Futile opportunism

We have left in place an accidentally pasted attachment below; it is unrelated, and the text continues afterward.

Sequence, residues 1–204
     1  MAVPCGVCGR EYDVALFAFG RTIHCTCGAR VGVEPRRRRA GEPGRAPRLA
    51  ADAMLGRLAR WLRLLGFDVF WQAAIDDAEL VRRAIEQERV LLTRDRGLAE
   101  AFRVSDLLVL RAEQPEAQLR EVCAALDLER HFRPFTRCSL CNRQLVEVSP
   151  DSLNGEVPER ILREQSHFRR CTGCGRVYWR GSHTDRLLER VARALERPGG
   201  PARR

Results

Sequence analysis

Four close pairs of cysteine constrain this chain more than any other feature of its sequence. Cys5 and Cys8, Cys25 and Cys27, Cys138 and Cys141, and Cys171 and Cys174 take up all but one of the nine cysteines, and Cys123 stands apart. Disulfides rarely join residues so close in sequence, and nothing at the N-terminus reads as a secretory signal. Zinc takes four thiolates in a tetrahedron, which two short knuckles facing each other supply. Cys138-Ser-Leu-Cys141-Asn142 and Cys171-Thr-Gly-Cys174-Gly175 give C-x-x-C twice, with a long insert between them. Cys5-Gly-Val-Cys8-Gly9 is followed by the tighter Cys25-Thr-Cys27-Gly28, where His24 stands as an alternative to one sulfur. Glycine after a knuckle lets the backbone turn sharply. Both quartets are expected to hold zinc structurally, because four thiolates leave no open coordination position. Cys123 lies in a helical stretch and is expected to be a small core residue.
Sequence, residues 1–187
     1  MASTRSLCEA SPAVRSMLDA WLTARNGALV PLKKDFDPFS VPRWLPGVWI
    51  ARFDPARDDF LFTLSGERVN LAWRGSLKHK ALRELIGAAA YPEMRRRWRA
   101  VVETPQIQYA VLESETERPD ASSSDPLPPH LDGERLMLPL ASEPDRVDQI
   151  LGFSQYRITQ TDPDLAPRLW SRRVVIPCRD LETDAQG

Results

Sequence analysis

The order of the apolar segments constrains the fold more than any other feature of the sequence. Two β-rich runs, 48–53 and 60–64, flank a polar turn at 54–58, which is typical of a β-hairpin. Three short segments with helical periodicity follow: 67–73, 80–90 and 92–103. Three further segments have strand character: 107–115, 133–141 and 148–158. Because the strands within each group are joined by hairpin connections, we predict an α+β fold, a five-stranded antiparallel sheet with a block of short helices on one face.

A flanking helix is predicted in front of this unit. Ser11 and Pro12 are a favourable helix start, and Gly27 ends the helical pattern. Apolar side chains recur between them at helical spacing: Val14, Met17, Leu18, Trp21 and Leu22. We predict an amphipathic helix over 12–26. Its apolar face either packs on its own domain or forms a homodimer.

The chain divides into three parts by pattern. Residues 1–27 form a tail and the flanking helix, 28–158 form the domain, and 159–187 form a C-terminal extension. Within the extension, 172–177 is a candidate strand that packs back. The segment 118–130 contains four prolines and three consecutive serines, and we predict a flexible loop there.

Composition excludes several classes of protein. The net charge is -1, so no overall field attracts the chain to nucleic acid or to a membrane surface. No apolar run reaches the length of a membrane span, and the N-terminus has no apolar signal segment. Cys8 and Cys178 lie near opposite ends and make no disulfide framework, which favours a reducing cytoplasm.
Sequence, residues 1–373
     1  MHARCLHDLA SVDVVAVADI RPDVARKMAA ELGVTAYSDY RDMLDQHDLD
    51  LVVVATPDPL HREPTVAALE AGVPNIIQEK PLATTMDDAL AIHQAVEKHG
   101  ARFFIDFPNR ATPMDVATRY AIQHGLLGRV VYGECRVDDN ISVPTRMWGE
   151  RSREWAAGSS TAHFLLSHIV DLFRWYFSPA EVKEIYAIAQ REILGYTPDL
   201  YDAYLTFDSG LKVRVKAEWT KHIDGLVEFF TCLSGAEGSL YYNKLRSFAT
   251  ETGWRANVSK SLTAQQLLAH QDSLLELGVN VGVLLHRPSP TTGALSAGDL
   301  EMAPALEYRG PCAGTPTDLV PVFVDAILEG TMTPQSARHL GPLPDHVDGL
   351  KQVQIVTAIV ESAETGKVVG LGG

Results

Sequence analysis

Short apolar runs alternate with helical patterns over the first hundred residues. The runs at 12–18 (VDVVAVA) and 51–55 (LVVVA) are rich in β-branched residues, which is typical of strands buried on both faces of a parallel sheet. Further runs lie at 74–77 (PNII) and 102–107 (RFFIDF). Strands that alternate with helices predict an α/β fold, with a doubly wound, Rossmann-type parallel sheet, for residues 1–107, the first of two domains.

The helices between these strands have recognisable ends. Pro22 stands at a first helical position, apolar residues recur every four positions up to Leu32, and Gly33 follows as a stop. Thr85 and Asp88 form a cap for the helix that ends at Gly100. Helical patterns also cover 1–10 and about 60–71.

Amazingly the local elections in England on May 1 see the anti-war party poorly represented in terms of candidates and barely organised. There are 158 Socialist Alliance candidates plus a smattering of candidates for one or another of the socialist sects and a few Labour candidates willing to stand on an anti-war platform. Clearly, we have failed to create a united anti-war party - for carrying on the struggle after the war. Palpably, the Socialist Alliance failed during the war. The SA presented itself as merely one of the SWP's numerous 'united fronts', not an alternative to the sectarian divisions that have plagued the left for far too many decades. Merely tacking 'Against the war' onto our name smacks of futile opportunism. It shows we are not serious about building a credible partyist project. Even in bland marketing terms it is useful not to mess with your 'corporate image' - especially as the war is all but over. Nevertheless, the CPGB recommends a Socialist Alliance vote where possible. It is a project still worth defending against total liquidation. Nothing else has come into existence to replace it - as yet. It might still act as a step towards other, higher, developments in the workers' movement. But as a vehicle of class struggle it has shown itself totally inadequate. Our overall strategy in these elections should be to build the largest vote for the inchoate and now ebbing anti-war party. Where there is no Socialist Alliance candidate, other candidates should be supported - if they oppose the neo-colonial occupation of Iraq, if they support the campaign of the firefighters' union, if they will defend the rights of asylum seekers. Marcus Ström